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My Experiences Growing Up in Shanghai During the Mao Era & What Is Currently Happening in Hong Kong

Since China adopted a new security law for Hong Kong on June 30th, it has received much criticism for the rushed law and for the danger it posed for civil discourse in Hong Kong.  While most people in this country view Hong Kong security law as political issue, I see a human toll behind it. […]

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Since China adopted a new security law for Hong Kong on June 30th, it has received much criticism for the rushed law and for the danger it posed for civil discourse in Hong Kong.  While most people in this country view Hong Kong security law as political issue, I see a human toll behind it.

Authorities in Beijing and Hong Kong have been at pains to reassure the world that the law will not erode the city’s high degree of autonomy, and that it will still maintain its one country, two systems model.  Both Beijing and Hong Kong government insist the law will only target a minority of “troublemakers” who pose a threat to national security.  

My question is how to know when a person is a troublemaker?  Is it what a person does?  What they say? What they think?

The law is very vague and very broad, and essentially opens a door for abuse, an excuse to silence different voices, different ideas.  It is vague for a reason.  It is a law written to instill fear in the people of Hong Kong and strip away their individuality.  

I remember that fear.  I lived that fear in Mainland China when I was a child.

I grew up in Mainland China during the Mao era.  I remembered that time when people in China lived under constant fear, the fear of being identified as troublemakers or a so-called class enemy.  To be labeled a troublemaker was entirely arbitrary.  It could be your family used to own some land, or maybe you complained about the lack of food.  It could be anything.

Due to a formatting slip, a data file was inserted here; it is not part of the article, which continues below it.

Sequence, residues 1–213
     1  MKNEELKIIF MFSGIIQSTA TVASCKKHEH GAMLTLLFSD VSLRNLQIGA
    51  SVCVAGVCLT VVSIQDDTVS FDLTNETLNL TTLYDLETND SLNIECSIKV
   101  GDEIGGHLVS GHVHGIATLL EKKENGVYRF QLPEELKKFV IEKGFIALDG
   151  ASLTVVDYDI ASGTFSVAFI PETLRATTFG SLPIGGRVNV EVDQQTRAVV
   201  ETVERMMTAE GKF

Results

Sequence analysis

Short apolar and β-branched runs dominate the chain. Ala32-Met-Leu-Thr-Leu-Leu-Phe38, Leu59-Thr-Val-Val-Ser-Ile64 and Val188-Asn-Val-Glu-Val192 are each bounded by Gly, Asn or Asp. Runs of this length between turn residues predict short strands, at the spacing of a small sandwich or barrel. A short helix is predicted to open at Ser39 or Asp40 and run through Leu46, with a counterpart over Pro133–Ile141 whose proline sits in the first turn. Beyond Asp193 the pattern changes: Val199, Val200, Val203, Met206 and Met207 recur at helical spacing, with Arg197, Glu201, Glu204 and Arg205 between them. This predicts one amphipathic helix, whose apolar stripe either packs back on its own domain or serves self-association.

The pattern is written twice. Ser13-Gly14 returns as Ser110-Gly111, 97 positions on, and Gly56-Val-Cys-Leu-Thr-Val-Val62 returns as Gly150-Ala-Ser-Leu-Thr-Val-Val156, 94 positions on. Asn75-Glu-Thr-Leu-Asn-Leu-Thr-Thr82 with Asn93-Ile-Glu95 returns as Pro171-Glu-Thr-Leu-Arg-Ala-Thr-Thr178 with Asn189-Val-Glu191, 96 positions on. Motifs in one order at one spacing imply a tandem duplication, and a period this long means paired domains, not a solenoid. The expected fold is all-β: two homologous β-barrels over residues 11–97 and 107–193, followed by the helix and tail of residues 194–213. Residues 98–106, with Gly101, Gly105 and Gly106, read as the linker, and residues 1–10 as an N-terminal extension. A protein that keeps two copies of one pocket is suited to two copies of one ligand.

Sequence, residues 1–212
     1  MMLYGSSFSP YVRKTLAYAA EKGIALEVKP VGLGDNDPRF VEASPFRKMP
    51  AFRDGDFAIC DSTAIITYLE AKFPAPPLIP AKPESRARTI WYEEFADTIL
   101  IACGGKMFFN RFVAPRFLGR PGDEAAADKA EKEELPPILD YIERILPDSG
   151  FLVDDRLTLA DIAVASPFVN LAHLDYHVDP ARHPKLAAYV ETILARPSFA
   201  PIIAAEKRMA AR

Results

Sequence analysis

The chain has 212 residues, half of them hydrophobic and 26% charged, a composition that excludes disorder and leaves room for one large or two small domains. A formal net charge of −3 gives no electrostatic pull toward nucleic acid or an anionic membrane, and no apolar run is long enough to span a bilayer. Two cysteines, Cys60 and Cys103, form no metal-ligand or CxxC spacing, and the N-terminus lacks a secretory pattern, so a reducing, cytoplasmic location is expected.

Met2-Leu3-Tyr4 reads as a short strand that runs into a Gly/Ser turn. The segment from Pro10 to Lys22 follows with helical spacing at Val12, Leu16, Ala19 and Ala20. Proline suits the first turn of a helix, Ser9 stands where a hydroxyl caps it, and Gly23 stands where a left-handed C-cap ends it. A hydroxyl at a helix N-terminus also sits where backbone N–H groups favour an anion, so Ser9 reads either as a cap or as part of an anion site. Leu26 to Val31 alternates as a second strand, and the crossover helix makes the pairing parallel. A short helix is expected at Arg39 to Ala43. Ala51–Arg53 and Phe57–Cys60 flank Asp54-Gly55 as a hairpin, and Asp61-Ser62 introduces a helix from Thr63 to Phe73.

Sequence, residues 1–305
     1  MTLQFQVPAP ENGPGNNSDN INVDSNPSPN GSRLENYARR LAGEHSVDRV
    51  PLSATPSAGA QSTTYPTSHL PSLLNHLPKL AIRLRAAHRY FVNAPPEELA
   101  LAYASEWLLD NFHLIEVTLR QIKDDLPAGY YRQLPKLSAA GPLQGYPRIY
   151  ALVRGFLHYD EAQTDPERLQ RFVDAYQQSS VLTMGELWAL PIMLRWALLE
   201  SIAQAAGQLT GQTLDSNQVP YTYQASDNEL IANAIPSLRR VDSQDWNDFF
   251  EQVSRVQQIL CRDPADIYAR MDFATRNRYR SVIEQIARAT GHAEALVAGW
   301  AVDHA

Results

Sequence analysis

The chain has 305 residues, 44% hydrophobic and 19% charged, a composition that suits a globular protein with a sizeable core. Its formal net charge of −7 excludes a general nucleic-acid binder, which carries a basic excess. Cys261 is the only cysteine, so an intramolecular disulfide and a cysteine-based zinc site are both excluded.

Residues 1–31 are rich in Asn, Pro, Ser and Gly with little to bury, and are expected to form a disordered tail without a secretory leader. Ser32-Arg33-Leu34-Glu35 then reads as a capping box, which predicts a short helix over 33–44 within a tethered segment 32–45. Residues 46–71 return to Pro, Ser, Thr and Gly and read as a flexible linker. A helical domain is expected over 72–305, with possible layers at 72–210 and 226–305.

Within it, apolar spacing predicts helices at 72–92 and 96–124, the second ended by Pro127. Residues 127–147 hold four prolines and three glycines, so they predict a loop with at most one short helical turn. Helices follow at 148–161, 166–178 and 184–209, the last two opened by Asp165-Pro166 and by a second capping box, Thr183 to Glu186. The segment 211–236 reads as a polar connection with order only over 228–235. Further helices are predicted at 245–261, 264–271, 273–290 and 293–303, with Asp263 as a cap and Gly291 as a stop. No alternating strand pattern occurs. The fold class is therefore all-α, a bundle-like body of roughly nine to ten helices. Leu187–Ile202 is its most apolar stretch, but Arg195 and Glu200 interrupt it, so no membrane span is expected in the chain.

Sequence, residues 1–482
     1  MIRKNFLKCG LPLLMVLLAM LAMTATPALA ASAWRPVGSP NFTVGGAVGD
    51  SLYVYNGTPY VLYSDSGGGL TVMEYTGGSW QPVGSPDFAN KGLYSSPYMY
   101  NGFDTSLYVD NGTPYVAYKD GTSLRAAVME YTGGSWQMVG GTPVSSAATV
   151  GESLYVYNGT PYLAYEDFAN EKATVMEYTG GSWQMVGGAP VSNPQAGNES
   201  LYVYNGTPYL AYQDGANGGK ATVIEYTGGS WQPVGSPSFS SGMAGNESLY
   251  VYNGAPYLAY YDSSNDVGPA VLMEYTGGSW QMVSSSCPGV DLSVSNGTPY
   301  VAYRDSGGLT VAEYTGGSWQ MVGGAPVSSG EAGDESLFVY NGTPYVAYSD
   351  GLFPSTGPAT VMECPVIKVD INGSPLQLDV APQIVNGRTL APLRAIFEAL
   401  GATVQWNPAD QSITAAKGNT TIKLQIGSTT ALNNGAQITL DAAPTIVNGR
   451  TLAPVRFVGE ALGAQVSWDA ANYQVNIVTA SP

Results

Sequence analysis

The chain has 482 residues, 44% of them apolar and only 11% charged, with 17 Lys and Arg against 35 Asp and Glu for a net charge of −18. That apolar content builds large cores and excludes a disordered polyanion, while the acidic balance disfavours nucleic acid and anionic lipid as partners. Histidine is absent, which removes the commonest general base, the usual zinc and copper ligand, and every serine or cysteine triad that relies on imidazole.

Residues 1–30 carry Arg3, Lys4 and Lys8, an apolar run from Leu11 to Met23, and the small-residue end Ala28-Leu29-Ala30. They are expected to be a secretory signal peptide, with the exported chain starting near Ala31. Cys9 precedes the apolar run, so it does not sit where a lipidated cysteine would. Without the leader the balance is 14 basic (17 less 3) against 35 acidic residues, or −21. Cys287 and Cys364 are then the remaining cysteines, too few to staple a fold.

Once you are deemed one of these people, whether true or not, you would then be arrested, sent to prison or sent to a remote location to labor on a god-forsaken farm, where you’d be beaten at the whim of somebody.  And your family?  Your family would continue to live in society as second class, to be shunned.  

In order to not be labeled a troublemaker, people turned their fear outward into hatred towards those they believed as troublemakers.

I was one of whose children who was on the receiving end of this manufactured hatred.  I was spat on and insulted on a daily basis.  My crime was that my grandma lived in the United States, and my mother came from a landowner’s family.  

I had a friend when I was at grade school whose father was sent to jail for about 10 years.  All he did was voice some criticism of Mao’s wife, Madam Jiang Qing at a family dinner party.  Someone at the party reported him.  There was no trial, no evidence presented, and no appeal.  He was simply arrested and disappeared from my friend’s life for ten whole years.  In the meantime, her family had to live their lives bearing the burden in being labeled anti-revolutionist family, the name for troublemakers at the time.  My friend was lucky.  Her father came back.  Many didn’t.

During that time, few would let slip – let alone outwardly dare to voice – an opinion that was not in line with Chinese Communist Party rhetoric.  Even in private conversations, anyone could report you to the authorities over trivial reasons.  

Fear can do much damage to a person, and to a society.  It stifles the spirit of human being, and that suppresses creativity.  China was a vast forced sameness in Mao’s time.  No one even dared to wear any color other than in navy blue or gray.   We were cut off from the world, our brains washed so no one would challenge the daily ideology that was fed to us.  The resulting fear was China descended into extreme poverty and ignorance.

I wonder whether this security law will push Hong Kong backward, from a free and spirited city to something in 10 years that is unimaginable to us now.  

I hope not.  But as a person who experienced the totalitarian regime in China, my heart goes out to the people in Hong Kong.

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